Songs of 84: Jump / Van Halen

Anyone who was a school student in the 80s probably owned one or more of those Various Artists compilations released as a collaboration between major labels. I had purchased Shakin’ 84 with the money I was given for my 8th birthday. A friend of mine had Throbbin’ ‘84 and he graciously lent me his vinyl copy to make a tape of it.

These albums were, I think, deliberately sequenced to be too long to fit on a C-60 cassette, so eventually I had to buy my own copy. That said, these albums were always a wonderland of the well known, the lesser hits and the soon to be totally obscure records that shone brightly in the public consciousness of the time. Big hits like Cyndi Lauper’s “Girls Just Wanna Have Fun” and Paul Young’s “Love of the Common People” rubbed shoulders with moody indie tracks like The Cure’s “Love Cats” and short lived Japanese popsters Sandii and the Sunsetz’ single “Sticky Music”. Throbbin’ ‘84 also gave us 5 and a half minutes of the brilliant “Just Be Good To Me” by the SOS Band (cut down from the 9 minutes plus on the band’s latest album)

Opening side two was a track that I wasn’t that familiar with at the time, by a band I knew nothing about. Van Halen, and their synth laden track “Jump”. Great tune, although the odd rhythms of the middle section sounded to me like the stylus was skipping across the grooves of the record – a common problem with those densely packed grooves on those 80s compilation albums, and a real worry as this wasn’t even my own record!

“Jump” was a very atypical track for the band, whose stock in trade was big, loud, and very heavy guitar based rock and roll. No doubt the hardcore VH fans were offended by the use of synthesisers – they were within the purview of lightweight pop bands. There was precious little of Eddie Van Halen’s guitar on the record anywhere, aside from some subtle rhythm guitar in the pre-chorus and one of Ed’s typically unhinged solos in the middle.

That said, it was a massive hit for the band, hitting number 1 on the US Billboard Hot 100 and number 2 in Australia. Soon after, every heavy metal band wanting a hit record was forced to add synths to their sound in one fashion or another.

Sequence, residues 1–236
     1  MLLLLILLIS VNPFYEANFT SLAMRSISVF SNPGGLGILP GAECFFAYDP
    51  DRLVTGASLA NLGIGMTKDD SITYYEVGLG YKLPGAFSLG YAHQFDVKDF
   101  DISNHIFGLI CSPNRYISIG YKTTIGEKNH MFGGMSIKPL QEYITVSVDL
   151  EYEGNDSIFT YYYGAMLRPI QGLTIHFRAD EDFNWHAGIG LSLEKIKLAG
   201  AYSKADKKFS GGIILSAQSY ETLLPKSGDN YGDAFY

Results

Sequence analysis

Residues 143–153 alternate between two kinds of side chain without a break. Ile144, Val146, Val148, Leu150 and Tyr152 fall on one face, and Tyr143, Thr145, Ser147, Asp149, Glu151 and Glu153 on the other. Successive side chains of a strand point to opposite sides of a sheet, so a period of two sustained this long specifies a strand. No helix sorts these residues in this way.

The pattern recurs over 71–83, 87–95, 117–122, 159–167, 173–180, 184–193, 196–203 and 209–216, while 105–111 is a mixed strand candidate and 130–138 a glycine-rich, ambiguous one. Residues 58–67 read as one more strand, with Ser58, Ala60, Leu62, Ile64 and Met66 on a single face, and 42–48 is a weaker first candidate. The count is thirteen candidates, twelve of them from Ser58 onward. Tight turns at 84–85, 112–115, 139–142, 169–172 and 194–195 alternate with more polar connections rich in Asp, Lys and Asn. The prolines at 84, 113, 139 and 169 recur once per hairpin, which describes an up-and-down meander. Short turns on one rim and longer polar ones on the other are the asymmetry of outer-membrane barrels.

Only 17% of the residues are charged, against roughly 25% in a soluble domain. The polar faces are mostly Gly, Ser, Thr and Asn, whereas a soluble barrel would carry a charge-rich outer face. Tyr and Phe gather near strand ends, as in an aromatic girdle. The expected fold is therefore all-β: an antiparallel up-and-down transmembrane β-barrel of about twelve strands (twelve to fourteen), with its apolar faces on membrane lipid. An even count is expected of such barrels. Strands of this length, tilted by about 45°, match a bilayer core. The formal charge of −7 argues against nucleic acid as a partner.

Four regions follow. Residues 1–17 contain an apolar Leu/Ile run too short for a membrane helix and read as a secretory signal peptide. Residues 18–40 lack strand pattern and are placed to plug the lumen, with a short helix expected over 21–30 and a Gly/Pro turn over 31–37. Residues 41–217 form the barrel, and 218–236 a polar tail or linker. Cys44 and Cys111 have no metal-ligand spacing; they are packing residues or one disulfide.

The truth of the matter is that Van Halen has started using synths on their records as far back as 1981’s Fair Warning, with a track tucked away at the end of side two called “Sunday Afternoon in the Park”, which featured Eddie experimenting with some odd sounds as a foreboding intro to the final track “One Foot Out The Door”. They used them again on 1982’s Diver Down, especially on the cover of “Dancing In The Street”, but they were used more as window dressing rather than a dominating feature. For the next album “1984”, they were front and centre, although they really only poked their head up in two songs in 3 tracks – the opening instrumental title track, “Jump” and the follow up single “I’ll Wait”. The rest of the album was the standard guitar-bass-drums of the classic Van Halen sound.

Eddie Van Halen was an accomplished guitarist, but it wasn’t the first instrument he learned to play. He learned piano from an early age, so it was no stretch for him to play synths on his albums with ease. He was first given a drum kit and his brother Alex was given a guitar to learn. Alex spent more time sneaking into Eddie’s room to play drums than he did on the guitar, so Eddie thought he’d get his own back and steal Alex’s guitar to play, and the rest is history.

Eddie is best known for popularising the “two handed tapping” guitar technique, which is where the player uses both left and right hands to play a sequence of notes on the fretboard. While he popularised the technique, he didn’t invent it. Some sources say that jazz guitar maverick Les Paul did, others say it was Jimi Hendrix, however Eddie has admitted he heard Brian May of Queen use the technique on the solo of “It’s Late” on Queen’s 1977 album News of the World. He simply took the idea, sped it up to ludicrous speeds and made it a feature piece of his playing, perhaps best demonstrated on his unaccompanied solo piece “Eruption” from the first Van Halen album in 1978.

“Jump” is something of a perfect record. So much so that the listener instantly knows the song is within seconds of the synth riff starting, and pretty soon after the feel good endorphins start running. It is the very definition of an enduring classic.

David Kowalski, a writer and podcaster, is celebrating songs that turn 40 this year.

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